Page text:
My present machine mocks those requirements (GTA IV forced me into some significant upgrading). Though personally I’m slightly skeptical as to how well Sims 3 will play using the stated specs when it comes to the game resolution and graphical knobs and whistles options. Nothing worse than having to play a game at a different resolution than your monitor to make you acutely aware that an upgrade is begging….

  43. Erlend M says:

    Jim Rossignol said:

    I’ve been to that pencil museum.

    Is it all it’s cracked up to be?

  44. Dizet Sma says:

    Jim Rossignol said: I’ve been to that pencil museum.

    Was there a point? b’dum crash. Aye thang yew.

  45. Shnyker says:

    Wow, my old computer could by no means handle that. It had some Nvidia 64 mb card and only 256mb of RAM. Processor? Don’t make me laugh, it was so slow I think it ran on reflected sunlight from Pluto.

  46. Jetsetlemming says:

    My computer’s under those minimum specs, as my video card died recently and I’m on an integrated intel chip the equivalent of something from the mid 90′s (Fuck you, Intel). Most advanced game this rig can handle now is Civ4, and only at slideshow FPS.

  47. Famous Titles for 400 says:

    My PC meets those minimum spec. It scores a 5.5 on the vista-tard-test, which as someone mentioned above, it cos of the clock speed of the (4gb) RAM. I don’t envisage playing Sims 3 on anything other than “deity quality”. Presumably it won’t take a £2000 machine to max these settings out? My midrange media rig should eat it up like tapioca pudding.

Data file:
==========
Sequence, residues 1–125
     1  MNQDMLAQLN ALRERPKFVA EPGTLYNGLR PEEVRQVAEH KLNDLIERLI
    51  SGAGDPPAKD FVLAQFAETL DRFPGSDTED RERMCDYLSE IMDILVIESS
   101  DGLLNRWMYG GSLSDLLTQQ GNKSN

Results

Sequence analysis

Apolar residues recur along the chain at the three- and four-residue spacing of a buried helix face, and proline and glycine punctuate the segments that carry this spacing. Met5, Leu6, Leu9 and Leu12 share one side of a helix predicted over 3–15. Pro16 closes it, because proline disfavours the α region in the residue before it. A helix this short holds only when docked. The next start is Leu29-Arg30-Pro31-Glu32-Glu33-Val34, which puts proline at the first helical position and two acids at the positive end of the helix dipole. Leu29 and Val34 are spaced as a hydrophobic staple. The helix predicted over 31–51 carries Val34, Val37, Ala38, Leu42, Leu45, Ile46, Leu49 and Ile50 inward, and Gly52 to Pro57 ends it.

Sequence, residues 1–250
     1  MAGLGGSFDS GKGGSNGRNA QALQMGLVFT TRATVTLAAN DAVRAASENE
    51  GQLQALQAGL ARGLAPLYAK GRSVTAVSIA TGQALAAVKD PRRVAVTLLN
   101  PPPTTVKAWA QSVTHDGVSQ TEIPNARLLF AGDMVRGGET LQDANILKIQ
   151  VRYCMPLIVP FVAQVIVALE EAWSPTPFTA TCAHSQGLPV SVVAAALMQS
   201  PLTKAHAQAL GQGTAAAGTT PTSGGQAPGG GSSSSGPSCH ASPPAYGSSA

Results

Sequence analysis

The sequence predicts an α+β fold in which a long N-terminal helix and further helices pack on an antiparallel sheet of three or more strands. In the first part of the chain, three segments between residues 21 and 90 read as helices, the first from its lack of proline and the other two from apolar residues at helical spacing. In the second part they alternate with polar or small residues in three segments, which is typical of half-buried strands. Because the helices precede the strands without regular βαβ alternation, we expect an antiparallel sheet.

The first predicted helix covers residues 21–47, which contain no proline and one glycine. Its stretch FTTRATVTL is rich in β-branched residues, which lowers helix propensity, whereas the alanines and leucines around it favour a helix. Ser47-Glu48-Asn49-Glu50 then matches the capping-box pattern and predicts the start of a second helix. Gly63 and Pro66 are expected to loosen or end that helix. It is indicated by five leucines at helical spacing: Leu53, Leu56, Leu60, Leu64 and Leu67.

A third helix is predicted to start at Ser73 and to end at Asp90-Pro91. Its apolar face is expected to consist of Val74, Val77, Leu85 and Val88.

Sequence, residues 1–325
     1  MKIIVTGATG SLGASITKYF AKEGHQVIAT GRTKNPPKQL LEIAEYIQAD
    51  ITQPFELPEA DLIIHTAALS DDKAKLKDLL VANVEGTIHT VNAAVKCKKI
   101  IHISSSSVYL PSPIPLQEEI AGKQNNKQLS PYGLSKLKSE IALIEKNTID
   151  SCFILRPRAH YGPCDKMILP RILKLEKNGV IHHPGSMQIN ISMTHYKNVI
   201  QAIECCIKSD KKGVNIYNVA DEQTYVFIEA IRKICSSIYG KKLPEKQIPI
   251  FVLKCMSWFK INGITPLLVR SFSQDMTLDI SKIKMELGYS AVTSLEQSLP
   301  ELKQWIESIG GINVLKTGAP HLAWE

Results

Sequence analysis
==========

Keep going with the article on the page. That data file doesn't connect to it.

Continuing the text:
48. Anthony Damiani says:

    “I’m not even sure why they have that rating system, its not like a developer or publisher could throw a 5.2 on a game and have that guarantee someone who scores a 5.2 could play it.”

    The PCGA is certainly hard at work to make this a reality.

  49. MrDeVil_909 says:

    Alex says:

    Vista throws a mighty 3.5 my way. Brand new laptop (and admittedly its just the graphics card) but 3.5. You can tell I’m a dirty console type, can’t you?
    Anyone wanna challenge me to go lower?

    3.1 Ha! Suck it bitches! :p

    Of course this laptop isn’t my gaming PC. It’s fine for 2D games, but nothing more taxing than that.

  50. clive dunn says:

    So anyone get a lower score than 3.1?
    My dell XPS 1330 gets 4.2 and will run most things competently. My ‘rig’ has an old AGP 1650 and currently groans (yes, literally groans) when i boot it up. Hence it is just gathering dust until my laptop starts to struggle with new games and then i’ll get quad thingymajigy rig and then when that starts to gasp and splutter i’ll get a new laptop and when that gets old i’ll…….blah blah blah